Off the top of my head, here are a few possibilities:
speed of searching
Searches can be slow. It isn't obvious how much this is caused by the existing data structure and code, and how much is down to the power of the hosting machine, or the amount of simultaneous traffic it is trying to support.
In so far as it is the data structure, it seems likely that some use of (lately) standard technologies would help - given my background, a SQL database and a tuned mod_perl-based Apache webserver would be the obvious choices.
It would be nice to get paged results, eg the first 30 (or whatever) results and a button to get "the next 30".
As long as the search can be expressed as a single SQL query, this can be trivially done using a LIMIT clause.
Such a facility would be made all the more useful if the first page of results also showed how many results there would be in total: "showing results 1 to 10 of 635".
It would be useful to be able to construct more complex searches, eg to combine a search for a list of numbers with a constraint that a particular keyword must be present.
Similarly, it would be useful to be able to redo a search with modified constraints (typically to make the search more restrictive if too many results are being returned).
When a sequence is discussed, the discussion is occasionally synopsised as a one-line comment on the sequence. It might be useful to be able to cross-reference from a sequence to the full discussion that relates to it.
When a web browser isn't the most convenient thing to use (eg if you want to query the database from a mobile phone, or you want to do some high-level analysis of a large chunk of the database), it would be useful to have a mechanism and standardised interchange format for querying the database.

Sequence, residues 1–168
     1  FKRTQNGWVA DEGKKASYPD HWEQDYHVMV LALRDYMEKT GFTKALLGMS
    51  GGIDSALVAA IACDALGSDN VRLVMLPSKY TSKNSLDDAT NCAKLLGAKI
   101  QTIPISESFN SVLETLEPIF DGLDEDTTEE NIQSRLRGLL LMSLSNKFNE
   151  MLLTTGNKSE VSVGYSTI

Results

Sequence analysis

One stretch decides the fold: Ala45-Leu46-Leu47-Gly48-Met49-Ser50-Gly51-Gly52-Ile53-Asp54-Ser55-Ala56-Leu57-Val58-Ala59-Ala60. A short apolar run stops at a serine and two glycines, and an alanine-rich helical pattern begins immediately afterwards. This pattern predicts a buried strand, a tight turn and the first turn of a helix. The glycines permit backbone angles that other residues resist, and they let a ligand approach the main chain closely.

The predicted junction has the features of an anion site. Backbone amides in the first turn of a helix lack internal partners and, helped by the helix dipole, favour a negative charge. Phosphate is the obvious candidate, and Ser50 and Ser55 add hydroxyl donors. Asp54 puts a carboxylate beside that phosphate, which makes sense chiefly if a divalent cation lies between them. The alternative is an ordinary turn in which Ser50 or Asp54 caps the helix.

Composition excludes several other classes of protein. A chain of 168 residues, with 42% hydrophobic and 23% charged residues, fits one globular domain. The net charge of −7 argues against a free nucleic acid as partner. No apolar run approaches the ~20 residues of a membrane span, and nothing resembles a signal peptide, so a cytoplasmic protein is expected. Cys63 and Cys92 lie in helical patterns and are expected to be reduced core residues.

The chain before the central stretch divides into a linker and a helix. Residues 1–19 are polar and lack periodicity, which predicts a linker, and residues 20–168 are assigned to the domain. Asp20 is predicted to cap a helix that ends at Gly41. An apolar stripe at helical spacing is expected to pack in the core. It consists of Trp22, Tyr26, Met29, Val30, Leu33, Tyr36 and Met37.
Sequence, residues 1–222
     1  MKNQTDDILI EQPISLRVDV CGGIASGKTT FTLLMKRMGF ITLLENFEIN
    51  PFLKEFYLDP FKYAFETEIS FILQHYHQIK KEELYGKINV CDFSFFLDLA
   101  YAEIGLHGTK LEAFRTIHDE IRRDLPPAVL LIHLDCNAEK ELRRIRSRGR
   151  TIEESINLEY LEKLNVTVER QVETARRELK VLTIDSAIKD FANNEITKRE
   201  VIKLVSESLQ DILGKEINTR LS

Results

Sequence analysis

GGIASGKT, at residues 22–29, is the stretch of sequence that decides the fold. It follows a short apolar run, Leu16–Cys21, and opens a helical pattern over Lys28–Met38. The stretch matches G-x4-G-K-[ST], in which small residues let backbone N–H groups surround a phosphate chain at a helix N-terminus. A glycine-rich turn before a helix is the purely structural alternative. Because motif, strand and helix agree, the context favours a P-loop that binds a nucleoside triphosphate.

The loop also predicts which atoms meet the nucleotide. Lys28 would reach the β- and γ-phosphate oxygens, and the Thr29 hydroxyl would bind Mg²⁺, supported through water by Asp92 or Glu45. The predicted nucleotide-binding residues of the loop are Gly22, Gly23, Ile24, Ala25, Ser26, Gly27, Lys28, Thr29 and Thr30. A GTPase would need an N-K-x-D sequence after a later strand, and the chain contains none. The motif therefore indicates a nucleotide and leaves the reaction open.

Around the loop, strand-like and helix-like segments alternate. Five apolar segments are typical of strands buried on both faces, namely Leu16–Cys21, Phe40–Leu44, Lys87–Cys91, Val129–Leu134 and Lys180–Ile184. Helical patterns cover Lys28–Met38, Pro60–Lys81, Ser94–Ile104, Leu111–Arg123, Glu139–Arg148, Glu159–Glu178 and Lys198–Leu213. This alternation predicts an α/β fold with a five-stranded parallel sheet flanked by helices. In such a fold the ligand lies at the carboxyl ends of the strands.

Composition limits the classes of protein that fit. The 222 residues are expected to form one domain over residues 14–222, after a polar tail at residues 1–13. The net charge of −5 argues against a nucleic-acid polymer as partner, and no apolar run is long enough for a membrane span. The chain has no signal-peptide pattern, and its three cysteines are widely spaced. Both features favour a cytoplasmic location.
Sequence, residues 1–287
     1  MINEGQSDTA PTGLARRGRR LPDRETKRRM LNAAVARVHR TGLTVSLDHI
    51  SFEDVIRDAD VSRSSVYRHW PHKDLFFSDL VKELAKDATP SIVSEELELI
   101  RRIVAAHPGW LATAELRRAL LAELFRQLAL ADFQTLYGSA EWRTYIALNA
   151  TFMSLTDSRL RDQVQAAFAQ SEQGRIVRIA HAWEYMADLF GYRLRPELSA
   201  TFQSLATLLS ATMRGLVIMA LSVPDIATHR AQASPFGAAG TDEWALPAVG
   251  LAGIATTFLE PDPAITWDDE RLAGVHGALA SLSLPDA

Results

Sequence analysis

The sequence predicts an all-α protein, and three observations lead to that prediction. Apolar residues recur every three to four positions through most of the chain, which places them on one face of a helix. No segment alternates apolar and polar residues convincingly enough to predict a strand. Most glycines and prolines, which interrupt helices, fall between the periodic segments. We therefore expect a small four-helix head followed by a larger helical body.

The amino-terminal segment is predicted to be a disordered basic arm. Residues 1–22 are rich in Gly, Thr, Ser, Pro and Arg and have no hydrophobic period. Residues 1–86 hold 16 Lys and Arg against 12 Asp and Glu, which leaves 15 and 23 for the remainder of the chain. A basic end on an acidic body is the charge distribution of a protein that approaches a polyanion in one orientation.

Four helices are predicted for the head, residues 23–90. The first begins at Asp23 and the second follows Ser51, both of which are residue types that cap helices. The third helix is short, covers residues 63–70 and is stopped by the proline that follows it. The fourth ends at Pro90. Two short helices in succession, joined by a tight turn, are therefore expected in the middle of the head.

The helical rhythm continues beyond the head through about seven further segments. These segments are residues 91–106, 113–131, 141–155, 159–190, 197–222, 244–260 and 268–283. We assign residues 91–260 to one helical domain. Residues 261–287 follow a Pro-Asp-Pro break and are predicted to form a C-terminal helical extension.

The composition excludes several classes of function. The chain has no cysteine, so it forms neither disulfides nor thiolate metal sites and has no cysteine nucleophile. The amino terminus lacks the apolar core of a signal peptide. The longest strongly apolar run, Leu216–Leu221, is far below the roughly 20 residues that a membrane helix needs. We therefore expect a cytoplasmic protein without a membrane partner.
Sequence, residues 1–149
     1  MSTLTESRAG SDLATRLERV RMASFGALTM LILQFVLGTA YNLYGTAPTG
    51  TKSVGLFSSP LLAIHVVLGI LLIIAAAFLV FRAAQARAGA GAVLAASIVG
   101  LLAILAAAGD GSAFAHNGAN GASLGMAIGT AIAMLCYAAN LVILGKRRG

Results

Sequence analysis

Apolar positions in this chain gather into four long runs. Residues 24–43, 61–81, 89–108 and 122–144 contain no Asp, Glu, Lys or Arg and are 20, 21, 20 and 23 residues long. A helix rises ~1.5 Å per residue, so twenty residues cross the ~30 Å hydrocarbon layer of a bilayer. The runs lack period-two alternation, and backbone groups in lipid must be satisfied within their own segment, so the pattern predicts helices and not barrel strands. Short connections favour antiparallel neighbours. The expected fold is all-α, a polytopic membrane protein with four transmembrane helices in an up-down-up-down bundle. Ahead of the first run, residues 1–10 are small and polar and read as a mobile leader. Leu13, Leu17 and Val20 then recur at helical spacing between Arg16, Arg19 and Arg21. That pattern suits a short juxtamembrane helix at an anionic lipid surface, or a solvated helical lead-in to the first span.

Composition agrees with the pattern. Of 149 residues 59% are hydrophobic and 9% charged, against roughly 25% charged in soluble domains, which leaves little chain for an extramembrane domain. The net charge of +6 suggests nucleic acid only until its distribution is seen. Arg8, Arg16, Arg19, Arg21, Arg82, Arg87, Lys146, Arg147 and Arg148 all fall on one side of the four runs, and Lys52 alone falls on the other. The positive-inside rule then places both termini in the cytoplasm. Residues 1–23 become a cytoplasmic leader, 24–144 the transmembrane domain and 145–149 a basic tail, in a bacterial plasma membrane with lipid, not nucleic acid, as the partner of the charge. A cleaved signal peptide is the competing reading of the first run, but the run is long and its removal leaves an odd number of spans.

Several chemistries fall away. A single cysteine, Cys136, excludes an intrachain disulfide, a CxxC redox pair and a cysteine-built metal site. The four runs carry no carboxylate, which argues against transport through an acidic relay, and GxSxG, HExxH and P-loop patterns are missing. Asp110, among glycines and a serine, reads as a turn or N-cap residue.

If I understand it correctly, Marc LeBrun has been looking at defining an XML schema for an OEIS sequence with the intention that it might be used as the interchange format for a webservice. (I'm not sure if he's also considered the format for the query itself.)
updates to the database
I know nothing about the mechanisms used to update the database, but my impression is that everything is done by Neil, essentially by hand with maybe some help from scripts, and with Neil's email client as the primary queueing mechanism.
If that is the case then it might be possible to make Neil's life easier, and the whole process less reliant on his availability, by using a more distributed mechanism - I could imagine a pool of authorised maintainers having access to the list of requests for changes or new sequences, and simple facilities to accept (and so effect) the change, or to respond to the initiator with requests for clarification or further research.
Please let me know what I've got horribly wrong in any of the above, or anything I've left out.